On the brink of famine, Afghanistan’s forgotten humanitarian catastrophe puts two decades of gains at risk

On the brink of famine, Afghanistan’s forgotten humanitarian catastrophe puts two decades of gains at risk

  • World Vision warns the humanitarian crisis in the country will bring unprecedented suffering if the world continues to look the other way
  • World Vision urges the international community to prioritize the children of Afghanistan who are being denied basic rights, such as education, and are at risk of starvation or even death
  • World Vision is committed to remaining in Afghanistan and has already reached more than one million Afghans with aid in the last six months through its emergency response activities


25 April, 2022: Herat, AfghanistanAs the conflict in Ukraine enters its second month, the humanitarian catastrophe in Afghanistan is quickly becoming a forgotten crisis. The gains achieved over the past two decades – including women’s rights and education for all - are now at risk more than ever.

International aid agency World Vision warns that almost nine million people are already on the brink of slipping into famine, while more than 130,000 children could die with the country plunging into an economic collapse as the majority of international aid funding has ceased and billions of Afghan private assets remain frozen. Girls’ and women’ rights continue to be in grave danger as teenage girls, grade six and up, are no longer allowed to pursue an education.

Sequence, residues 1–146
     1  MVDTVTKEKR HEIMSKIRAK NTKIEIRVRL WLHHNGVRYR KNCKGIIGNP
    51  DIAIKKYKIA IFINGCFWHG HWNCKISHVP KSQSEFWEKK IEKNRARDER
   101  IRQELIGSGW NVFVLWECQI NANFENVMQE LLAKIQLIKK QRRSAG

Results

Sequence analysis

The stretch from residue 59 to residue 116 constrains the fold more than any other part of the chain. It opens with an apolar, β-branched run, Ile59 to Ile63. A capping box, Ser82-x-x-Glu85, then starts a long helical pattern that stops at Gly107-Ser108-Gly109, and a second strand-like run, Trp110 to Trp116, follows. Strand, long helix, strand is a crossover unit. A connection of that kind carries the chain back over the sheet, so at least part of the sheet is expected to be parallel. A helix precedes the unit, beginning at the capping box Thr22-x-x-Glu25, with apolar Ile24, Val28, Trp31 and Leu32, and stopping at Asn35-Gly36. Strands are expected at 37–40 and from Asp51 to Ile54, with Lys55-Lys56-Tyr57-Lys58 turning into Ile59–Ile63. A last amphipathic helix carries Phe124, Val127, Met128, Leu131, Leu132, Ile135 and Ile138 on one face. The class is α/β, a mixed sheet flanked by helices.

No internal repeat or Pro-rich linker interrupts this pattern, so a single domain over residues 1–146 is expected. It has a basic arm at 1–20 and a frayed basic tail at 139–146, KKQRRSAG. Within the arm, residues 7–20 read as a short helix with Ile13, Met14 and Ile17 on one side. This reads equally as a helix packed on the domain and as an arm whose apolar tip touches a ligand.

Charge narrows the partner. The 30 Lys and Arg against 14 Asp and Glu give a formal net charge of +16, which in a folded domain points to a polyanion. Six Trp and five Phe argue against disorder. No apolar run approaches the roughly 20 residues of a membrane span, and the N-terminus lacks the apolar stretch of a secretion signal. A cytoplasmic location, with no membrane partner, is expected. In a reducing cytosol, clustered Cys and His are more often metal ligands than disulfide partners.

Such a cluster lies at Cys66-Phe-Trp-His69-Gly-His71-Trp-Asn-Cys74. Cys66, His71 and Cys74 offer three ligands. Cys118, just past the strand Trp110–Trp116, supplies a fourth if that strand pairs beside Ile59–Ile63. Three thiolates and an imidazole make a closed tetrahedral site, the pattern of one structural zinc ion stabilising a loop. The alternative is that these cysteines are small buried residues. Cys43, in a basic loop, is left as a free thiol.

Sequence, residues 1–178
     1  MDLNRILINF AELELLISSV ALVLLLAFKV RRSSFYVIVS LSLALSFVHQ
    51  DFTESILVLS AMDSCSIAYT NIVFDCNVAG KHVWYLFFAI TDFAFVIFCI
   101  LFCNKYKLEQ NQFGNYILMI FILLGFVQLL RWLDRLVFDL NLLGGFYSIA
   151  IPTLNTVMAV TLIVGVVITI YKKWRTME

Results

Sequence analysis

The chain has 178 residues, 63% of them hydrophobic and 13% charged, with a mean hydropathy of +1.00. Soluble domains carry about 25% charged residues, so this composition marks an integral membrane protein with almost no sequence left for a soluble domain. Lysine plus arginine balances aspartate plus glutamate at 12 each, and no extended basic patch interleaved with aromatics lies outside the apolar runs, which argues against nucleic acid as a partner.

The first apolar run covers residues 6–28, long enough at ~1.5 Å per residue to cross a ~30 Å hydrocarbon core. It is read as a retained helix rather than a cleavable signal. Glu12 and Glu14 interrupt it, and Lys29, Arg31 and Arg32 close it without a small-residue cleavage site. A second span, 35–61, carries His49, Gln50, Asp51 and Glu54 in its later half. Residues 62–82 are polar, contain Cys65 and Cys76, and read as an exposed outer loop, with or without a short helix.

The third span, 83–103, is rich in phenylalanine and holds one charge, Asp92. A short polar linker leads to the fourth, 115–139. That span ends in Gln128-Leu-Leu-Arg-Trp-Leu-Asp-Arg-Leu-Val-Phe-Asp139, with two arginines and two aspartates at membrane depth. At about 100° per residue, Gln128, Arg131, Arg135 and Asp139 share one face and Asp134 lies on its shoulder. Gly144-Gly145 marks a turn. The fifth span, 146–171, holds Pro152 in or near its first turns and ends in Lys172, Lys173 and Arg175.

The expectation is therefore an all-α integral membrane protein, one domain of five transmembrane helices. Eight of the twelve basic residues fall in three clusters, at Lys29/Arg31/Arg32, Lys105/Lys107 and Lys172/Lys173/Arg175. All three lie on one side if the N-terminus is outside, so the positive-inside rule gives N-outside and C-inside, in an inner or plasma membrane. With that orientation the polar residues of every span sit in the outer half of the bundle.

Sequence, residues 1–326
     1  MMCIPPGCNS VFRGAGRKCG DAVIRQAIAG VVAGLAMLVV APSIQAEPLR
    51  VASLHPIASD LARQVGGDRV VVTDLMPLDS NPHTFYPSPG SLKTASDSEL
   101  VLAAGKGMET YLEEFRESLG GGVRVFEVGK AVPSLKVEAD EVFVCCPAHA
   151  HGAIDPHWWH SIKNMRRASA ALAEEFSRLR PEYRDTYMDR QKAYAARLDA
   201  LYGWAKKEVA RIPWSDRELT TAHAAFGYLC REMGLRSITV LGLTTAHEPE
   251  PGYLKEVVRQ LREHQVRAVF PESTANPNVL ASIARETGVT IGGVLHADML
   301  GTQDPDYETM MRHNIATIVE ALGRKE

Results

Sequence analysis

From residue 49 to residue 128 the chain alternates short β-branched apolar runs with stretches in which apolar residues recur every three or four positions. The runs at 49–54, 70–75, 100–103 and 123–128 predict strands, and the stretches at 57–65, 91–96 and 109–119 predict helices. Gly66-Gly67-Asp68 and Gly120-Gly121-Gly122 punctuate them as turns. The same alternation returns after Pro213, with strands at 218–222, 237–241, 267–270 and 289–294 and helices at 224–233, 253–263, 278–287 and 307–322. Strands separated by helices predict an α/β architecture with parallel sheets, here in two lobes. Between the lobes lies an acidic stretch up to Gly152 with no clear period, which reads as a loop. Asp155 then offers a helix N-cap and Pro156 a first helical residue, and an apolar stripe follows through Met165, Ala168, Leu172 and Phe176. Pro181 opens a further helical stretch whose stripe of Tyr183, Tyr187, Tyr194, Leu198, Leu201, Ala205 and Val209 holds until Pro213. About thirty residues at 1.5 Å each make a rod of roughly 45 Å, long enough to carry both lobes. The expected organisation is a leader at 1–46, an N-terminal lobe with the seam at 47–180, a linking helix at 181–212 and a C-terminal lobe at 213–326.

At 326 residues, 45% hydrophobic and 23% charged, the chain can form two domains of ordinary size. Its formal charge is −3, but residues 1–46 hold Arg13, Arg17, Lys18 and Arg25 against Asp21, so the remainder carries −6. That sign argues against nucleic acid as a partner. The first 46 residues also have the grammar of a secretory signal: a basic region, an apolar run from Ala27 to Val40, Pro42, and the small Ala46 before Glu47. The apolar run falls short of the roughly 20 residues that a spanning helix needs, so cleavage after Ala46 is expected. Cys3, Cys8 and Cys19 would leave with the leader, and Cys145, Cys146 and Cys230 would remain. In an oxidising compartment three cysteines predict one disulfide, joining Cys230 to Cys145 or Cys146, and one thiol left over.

“Afghanistan’s crisis has gotten worse since the start of the conflict in Ukraine. Attention has turned away, and the country has rapidly slipped into one of the world’s worst humanitarian crisis. Failure to act immediately will have grave consequences. We’re already seeing families selling their children or marrying them off. Many more children will suffer and die if Afghanistan is forgotten. We need to act now, release frozen funds, and agree to fund long-term development. Time is running out,” said Asuntha Charles, World Vision Afghanistan’s National Director.

Already scarred by four decades of war, Afghanistan’s regime change last year has plunged the country into an unprecedented economic crisis that now sees almost the entire population - 95 percent - live below the poverty line. The majority of development aid - making up almost 80 percent of the previous government’s expenditure - has ceased, throwing Afghans into desperation and starvation. The number of street-working children has tripled since August, and families throughout the country are still desperately trying to access their bank savings.